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How To Make: Mussel and Pineapple Curry

Posted date:  October 4, 2006
12 Comments


Coconut milk-based curries are among the first Thai dishes I ever tried to make. And they never turned out right. Never. I didn’t know then that these kind of curries are among the most difficult Thai dishes to make. There are a couple reasons for this. For one, there are two very different ways of making them. The most common curries, the ones you see with a layer of oil floating on top, are made my slowly sauteeing the khreuang kaeng (curry paste) in the “thick” coconut milk until the coconut oil “breaks” and emerges to the top. The “thin” or diluted coconut milk is then added towards the end. Alternatively, there curries where you begin with thin coconut milk, and slowly add the thick so that a layer of oil doesn’t form! The curry below is the latter, and I think kind is much easier to make. Although one danger with this kind of curry is that it can get too thick and creamy. You want the end result to be just slightly watery, not too thick. If it does get too thick then add some plain water (or dilulted coconut milk) at the end. And remember to season to taste! The pineapple in this recipe will give the curry a sweet taste, so only a bit of sugar (if any) is necessary.

If you follow these directions exactly, and use some good-quality mussels, I guarantee you’ll like this one.

Curry with Mussels and Pineapple Kaeng Sapparot Kap Hoy Malaengphoo
(Serves 4)

_DSC1415.jpg

Ingredients
Curry Paste
Large dried chilies 10, seeds removed, softened in warm water
Small dried chilies 20
Salt 1 tsp
Peppercorns 1 tsp
Galingale, chopped 1 Tbsp
Lemongrass, chopped 3 stalks
Kaffir lime peel, chopped 1 tsp
Garlic 30 small cloves
Chopped fresh turmeric 1 tsp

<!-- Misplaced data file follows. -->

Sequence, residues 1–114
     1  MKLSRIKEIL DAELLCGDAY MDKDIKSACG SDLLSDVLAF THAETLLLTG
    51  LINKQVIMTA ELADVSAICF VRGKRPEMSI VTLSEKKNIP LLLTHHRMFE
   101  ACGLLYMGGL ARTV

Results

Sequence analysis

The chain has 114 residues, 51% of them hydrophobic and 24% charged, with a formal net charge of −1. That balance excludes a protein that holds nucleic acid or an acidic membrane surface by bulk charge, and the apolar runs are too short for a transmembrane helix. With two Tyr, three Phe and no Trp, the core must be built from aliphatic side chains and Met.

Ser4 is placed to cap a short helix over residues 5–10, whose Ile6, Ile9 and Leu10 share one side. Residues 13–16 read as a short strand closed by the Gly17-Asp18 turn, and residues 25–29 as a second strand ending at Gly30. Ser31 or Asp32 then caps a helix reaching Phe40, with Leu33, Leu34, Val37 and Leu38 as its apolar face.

Shallots 5, sliced
Shrimp paste 1 tsp
Mussels 1 kg
Thin coconut milk* 500 ml
Thick coconut milk** 250 ml
Chopped pineapple 250 ml
Fish sauce 2 Tbsp
Sugar 2 tsp
Tamarind paste 2 Tbsp

*Thin coconut milk is canned coconut milk that has been diluted, 50%, with water.
**Thick coconut milk is the coconut milk that comes directly from the can.

Method
Starting with your curry paste ingredients:

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Use a mortar and pestle or a food processor grind them together until you get this:

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Set aside.

Wash and de-beard the mussels. Bring a large pot of a water to the boil and add the mussels, and boil until they open, about 3 minutes. When cool enough to handle, remove the meat and set aside. Discard the shells.

Over medium heat, bring the thin coconut milk to a gentle boil. Add the curry paste and stir until fully blended with the coconut milk.

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Increase heat slightly and add mussels and pineapple.

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Gradually add remaining thick coconut milk, about 1/4 cup at a time, stirring to combine. Don’t let the curry boil to rapidly, or the undesired coconut oil might separate. Add fish sauce, sugar and tamarind. Bring to a final boil and add remaining thick coconut milk.

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Serve hot with rice as part of a Thai meal.


12 Comments for How To Make: Mussel and Pineapple Curry


Your pictures are truly beautiful!

“The most common curries, the ones you see with a layer of oil floating on top, are made my slowly sauteeing the khreuang kaeng (curry paste) in the “thick” coconut milk until the coconut oil “breaks” and emerges to the top.”

Not intending to be picky, but wouldn’t this be boiling the curry paste? Then when the oil comes out, and once all of the water in the coconut cream/milk has evaporated, _then_ the paste will start frying?